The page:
Insights into Cultural, Diachronic and Genre Issues in the Discipline
Edited By Karolina Bros and Grzegorz Kowalski
The volume brings together papers emerging from the GlobE conference (University of Warsaw). The authors explore major topics in Discourse Studies, offering insights into the field’s theoretical foundations and discussing the results of its empirical applications. The book integrates different lines of research in Discourse Studies as undertaken at academic centres Europe-wide and beyond. In this diversity, the editors identify certain dominant lines of study, including (new) media discourse, political discourse in the age of social/digital media, or professional discourse in globalized workplace contexts. At the same time, the volume shows that Discourse Studies not only investigate emerging language phenomena, but also critically reassess research issues formerly addressed.
Legitimation strategies in Russian political discourse on the annexation of Crimea (Julita Śmigielska)
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University of Warsaw, Poland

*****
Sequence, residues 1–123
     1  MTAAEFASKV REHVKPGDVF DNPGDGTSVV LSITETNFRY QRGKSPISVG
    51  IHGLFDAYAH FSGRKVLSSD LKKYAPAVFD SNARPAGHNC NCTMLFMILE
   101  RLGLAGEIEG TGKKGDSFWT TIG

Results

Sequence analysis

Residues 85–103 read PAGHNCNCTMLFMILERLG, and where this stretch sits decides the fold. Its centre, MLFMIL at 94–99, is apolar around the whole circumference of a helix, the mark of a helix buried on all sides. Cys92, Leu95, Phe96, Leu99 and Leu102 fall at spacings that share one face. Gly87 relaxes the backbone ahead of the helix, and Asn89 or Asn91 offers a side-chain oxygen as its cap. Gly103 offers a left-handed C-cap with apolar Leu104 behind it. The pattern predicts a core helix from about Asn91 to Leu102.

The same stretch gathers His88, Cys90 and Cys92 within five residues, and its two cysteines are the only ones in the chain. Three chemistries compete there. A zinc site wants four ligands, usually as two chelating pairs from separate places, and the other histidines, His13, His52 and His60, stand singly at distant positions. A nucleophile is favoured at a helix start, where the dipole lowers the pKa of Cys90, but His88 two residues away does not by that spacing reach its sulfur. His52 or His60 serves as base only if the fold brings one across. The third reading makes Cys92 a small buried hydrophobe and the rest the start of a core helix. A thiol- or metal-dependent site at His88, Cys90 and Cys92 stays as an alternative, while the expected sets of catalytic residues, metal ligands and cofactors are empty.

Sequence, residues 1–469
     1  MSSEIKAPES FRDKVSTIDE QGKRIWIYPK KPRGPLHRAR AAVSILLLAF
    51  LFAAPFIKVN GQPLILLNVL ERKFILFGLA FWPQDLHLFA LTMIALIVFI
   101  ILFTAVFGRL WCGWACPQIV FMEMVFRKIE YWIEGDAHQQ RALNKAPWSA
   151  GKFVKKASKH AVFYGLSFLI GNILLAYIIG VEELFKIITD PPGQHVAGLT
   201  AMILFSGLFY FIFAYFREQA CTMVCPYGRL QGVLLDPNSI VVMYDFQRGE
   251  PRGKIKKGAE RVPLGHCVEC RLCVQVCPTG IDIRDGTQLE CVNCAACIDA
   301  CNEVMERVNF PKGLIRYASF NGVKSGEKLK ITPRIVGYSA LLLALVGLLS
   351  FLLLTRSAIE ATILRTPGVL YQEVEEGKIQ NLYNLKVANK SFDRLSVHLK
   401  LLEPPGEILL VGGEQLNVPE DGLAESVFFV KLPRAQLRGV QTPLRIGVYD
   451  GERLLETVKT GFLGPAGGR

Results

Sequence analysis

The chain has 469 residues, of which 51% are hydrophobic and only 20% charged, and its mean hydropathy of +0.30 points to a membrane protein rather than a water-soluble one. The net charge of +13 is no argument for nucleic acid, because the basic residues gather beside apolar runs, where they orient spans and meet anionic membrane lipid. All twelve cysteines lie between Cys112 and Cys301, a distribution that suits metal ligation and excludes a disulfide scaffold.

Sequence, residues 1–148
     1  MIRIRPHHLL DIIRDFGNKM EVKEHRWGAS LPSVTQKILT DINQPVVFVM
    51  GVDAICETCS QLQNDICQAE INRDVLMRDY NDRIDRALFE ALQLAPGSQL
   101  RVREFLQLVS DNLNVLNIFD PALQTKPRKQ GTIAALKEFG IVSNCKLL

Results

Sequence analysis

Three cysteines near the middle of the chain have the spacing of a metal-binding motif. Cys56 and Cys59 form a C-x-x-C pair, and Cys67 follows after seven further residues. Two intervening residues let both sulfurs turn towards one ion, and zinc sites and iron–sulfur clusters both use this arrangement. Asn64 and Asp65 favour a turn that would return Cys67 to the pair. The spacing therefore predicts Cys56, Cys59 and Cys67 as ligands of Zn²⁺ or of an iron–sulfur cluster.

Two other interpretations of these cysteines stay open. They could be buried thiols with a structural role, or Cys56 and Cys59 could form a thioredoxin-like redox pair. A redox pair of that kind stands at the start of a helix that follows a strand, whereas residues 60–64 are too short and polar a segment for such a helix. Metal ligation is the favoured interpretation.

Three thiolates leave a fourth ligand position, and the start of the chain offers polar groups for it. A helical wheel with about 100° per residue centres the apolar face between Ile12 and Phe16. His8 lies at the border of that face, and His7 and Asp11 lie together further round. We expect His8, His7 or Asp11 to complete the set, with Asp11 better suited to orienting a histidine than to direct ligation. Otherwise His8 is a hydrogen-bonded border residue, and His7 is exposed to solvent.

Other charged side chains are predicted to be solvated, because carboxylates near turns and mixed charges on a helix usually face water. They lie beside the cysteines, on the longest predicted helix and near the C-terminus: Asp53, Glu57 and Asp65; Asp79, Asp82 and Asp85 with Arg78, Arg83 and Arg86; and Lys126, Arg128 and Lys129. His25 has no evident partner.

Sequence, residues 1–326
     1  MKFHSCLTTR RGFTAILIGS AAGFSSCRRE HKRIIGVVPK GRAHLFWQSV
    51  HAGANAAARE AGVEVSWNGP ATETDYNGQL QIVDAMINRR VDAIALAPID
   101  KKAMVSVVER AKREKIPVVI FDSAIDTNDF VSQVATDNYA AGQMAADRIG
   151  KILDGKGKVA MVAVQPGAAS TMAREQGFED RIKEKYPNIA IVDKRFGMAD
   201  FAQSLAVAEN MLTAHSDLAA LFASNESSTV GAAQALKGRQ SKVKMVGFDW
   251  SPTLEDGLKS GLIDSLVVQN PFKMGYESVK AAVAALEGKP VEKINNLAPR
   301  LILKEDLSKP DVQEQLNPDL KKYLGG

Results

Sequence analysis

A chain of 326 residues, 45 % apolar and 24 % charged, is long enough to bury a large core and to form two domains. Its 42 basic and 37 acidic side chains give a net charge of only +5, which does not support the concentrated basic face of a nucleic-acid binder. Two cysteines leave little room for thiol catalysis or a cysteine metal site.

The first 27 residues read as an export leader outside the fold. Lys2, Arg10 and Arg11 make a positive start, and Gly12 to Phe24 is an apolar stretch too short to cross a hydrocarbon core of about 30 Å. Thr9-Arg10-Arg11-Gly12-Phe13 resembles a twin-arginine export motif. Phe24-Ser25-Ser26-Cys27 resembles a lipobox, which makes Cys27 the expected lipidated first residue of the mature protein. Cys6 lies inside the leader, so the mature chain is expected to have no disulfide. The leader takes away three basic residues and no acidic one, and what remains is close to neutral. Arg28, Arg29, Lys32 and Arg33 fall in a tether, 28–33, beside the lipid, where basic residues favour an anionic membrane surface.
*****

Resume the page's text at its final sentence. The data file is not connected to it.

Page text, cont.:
Legitimation strategies in Russian political discourse on the annexation of Crimea
Abstract: The paper analyzes legitimation strategies in Russian political discourse concerning the annexation of Crimea on the example of Vladimir Putin’s speech of 18th March 2014. Carried out with methods of (Critical) Discourse Analysis the study investigates relevant linguistic phenomena in their social context and reveals ideological properties inherent to political discourse. The analytical categories applied in the paper include mainly classification of legitimation strategies proposed by van Leeuwen (2008): authorization, moral evaluation and rationalization as well as the Us vs. Them polarization typical of political discourse. The results of the study show that the main conceptualization frame of the analyzed discourse is based on the thesis-antithesis construction: the attribution of lexical items with positive axiological value to the in-group and negative evaluation of the out-group, whereas argumentation strategies used for legitimation predominantly refer to history and law.
Symbolic power relations in society, ideology and manipulation in language are notions of central importance for Critical Discourse Analysis (Fairclough, 1999; Wodak, 2007; Duszak & Fairclough, 2008). Focusing on these aspects, critical discourse studies investigate, among others, discursive practices immersed in the broader social, cultural and historical contexts. One domain in which relations between symbolic power and language are probably most evident and hence have frequently been subject to CDA studies (e.g. Chilton, 2004; Okulska & Cap, 2010a, b; Wodak,...
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